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The Spokesman-Review Newspaper
Spokane, Washington  Est. May 19, 1883

Thousands flock to the Spokane River to celebrate the Fourth, freedom, family and friends

Cierra Paz and her friend Jana D’Lerma sat in a pair of lawn chairs on the bank of the Spokane River at Gateway Regional Park Thursday afternoon, basking in the sunlight.

“Best friends,” Paz corrected this reporter to say, laughing between words. “Not just friends, OK ?”

They sat close enough to keep their feet in the water, which helped them stay cool as they watched Paz’s son Ander Paz, and daughter Lucy Paz, play in the river. The water was calm and shallow, and save for a nearby couple, the group had the little rocky beach tucked under some trees entirely to themselves.

It was just the first stop in the slate of Fourth of July activities they had for the day. Later that evening, D’Lerma and the Pazs would head to Pavillion Park in Liberty Lake to catch a free concert and fireworks display. Paz said she grew up watching the fireworks in Liberty Lake every year, and she looked forward to sharing that family tradition with her own kids.

“It’s just a fun holiday to gather, have family around,” Paz said. “It was always enjoyable to me. I look forward to it every year.”

Thousands of Inland Northwest residents flocked to the Spokane River Thursday to celebrate Independence Day. Around almost every bend, turn and twist the region’s lifeblood takes from the state line to Suncrest, families and friends kept up holiday traditions or started new ones. They brought paddleboards and kayaks, fishing poles and tackle boxes and swimsuits and coolers, all united under the common goal of having a little fun under the sun.

Farther downriver from Paz and D’Lerma’s cozy cove, Spokane residents Nik Jones and Tessa Lee sat under a white pop-up canopy with their dog Daisy.

They got to the bank of the river near the ever-popular The Islands swimming area near Myrtle Point just in time to stake out prime real estate near the bay’s west end, and brought a grill, beverages and enough snacks to stay for awhile.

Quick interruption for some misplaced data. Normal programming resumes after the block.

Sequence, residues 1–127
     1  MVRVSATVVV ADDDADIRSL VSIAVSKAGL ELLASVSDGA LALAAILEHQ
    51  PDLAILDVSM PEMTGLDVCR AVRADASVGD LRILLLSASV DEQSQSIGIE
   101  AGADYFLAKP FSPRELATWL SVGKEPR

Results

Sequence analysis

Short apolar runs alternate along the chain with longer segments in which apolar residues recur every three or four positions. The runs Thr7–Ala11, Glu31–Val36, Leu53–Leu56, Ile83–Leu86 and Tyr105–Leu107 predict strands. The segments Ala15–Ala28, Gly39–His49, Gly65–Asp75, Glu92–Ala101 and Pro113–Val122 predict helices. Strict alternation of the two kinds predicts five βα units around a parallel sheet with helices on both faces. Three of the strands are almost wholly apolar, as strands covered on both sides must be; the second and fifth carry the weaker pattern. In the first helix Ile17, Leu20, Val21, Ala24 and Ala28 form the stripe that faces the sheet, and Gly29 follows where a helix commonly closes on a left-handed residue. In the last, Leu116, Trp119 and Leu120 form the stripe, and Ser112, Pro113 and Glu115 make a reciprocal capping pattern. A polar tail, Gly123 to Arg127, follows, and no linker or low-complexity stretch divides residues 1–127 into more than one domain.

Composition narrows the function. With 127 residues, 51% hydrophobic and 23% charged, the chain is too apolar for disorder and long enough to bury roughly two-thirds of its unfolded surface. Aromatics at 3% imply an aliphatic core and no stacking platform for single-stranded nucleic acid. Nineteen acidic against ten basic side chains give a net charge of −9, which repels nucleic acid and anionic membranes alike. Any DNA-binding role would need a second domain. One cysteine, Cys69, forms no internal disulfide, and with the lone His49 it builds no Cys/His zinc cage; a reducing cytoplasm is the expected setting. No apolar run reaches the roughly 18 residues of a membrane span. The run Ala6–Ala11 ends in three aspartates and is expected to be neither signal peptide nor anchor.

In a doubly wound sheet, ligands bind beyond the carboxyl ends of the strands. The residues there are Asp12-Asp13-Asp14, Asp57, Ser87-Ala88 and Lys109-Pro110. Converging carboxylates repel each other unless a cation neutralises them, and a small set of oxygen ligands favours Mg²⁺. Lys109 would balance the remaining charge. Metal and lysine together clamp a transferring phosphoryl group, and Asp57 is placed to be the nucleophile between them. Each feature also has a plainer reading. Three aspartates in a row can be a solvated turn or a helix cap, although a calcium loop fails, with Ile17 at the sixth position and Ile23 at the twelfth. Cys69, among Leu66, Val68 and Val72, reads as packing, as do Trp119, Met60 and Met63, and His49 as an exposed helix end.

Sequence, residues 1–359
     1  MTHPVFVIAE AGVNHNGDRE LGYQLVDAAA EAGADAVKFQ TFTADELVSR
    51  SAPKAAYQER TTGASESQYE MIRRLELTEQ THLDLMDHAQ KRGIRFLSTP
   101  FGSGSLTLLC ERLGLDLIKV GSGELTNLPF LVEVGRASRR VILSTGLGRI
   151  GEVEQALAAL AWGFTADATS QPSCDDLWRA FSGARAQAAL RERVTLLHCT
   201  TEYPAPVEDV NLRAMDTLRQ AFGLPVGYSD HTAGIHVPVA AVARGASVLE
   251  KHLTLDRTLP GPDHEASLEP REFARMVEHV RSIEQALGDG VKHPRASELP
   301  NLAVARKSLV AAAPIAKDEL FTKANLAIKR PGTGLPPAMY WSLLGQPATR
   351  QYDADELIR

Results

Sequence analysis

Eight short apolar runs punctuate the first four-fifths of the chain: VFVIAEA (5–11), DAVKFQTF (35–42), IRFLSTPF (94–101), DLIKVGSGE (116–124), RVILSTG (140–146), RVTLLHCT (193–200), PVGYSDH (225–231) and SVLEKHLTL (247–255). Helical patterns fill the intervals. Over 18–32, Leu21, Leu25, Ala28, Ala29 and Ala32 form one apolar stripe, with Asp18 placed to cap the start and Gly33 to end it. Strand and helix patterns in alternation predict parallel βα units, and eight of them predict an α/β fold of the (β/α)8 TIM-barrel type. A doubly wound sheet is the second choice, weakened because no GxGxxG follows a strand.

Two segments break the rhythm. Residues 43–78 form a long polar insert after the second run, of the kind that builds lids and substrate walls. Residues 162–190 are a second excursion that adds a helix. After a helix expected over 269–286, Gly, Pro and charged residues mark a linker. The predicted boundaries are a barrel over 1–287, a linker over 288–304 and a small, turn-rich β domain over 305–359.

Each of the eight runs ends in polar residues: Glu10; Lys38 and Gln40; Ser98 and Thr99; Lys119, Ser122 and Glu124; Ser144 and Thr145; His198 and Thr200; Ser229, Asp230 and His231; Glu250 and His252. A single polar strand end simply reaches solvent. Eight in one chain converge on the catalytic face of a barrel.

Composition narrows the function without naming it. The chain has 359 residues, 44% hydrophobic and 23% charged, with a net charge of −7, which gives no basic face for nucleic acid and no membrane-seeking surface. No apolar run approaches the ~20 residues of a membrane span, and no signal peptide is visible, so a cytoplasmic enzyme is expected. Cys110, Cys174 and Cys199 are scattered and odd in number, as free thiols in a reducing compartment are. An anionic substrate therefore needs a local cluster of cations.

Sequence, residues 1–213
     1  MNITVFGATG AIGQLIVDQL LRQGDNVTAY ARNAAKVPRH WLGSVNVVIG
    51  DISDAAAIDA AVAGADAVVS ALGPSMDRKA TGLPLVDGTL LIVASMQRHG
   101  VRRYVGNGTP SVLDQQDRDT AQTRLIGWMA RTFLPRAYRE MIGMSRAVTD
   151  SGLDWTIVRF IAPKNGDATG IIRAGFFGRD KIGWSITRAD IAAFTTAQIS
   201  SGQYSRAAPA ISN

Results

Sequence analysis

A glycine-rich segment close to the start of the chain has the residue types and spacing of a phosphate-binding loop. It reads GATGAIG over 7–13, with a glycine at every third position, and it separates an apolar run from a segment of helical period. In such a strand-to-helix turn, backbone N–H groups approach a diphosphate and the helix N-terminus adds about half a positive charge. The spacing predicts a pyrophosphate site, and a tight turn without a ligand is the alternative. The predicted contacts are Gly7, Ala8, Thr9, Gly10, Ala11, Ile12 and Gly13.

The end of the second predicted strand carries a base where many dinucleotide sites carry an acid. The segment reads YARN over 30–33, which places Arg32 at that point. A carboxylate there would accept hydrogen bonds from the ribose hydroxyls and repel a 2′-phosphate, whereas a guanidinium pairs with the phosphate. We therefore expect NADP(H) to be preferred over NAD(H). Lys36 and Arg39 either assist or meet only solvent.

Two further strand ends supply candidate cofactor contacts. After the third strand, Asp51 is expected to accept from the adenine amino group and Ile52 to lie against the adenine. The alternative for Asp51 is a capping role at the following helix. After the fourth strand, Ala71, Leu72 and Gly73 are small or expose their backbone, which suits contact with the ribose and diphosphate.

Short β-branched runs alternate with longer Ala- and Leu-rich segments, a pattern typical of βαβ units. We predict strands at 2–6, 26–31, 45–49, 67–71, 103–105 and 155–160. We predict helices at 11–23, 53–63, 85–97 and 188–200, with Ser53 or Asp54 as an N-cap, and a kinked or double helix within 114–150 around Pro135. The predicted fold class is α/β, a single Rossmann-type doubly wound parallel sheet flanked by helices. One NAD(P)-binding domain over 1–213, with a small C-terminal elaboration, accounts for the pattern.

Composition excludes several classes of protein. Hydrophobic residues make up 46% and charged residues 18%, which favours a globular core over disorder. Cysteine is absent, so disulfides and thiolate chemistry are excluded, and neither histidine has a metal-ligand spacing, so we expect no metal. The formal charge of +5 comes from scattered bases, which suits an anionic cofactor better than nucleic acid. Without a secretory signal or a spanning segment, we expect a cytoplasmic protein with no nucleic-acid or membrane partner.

“The plans are coming out, hanging out and relaxing for the Fourth, then eat some food and just enjoying ourselves,” Jones said.

Among the crowd of around 100 people swimming, splashing and sunning at the spot were the couple’s two preteens. Lee said the holiday always has been a time for their family to spend quality time together, which is why the only thing they had on the schedule Thursday was their river trip. They didn’t expect to catch any fireworks displays, despite Lee’s fond memories of the over-the-river shows in her hometown, Coeur d’Alene.

Nick Kapper sat a few spots over from the family at the beach Thursday afternoon, leaned up against his Yamaha TTR-125 dirt bike. The Massachusetts transplant elected to spend his first Fourth in the area riding his bike, just as he’s spent many days since first falling in love with choppers as a kid.

Kapper now works at Lone Wolf Harley-Davidson in the Valley, and said he needed to pace himself Thursday evening at a friend’s barbecue he planned to attend so he could make it into work the next day.

‘It’s going to be a lot of fun,” Kapper said. “I’ll try not to go too crazy.”

For the time being though, Kapper said he was happy to be spending time with his newfound community in a lovely neck of the woods.

“I mean who wants to go to Silverwood,” Kapper joked as he gestured to a group of young boys climbing the rock formations and taking the over 10-foot plunge into the river below.

West of Boulder Beach, Rick Dasher and his father Ernie Dasher found a quiet corner to cast a few lines. The two are lifelong anglers, Rick said, and try to make it out to the local waterways at least once a week for some catch-and-release fishing.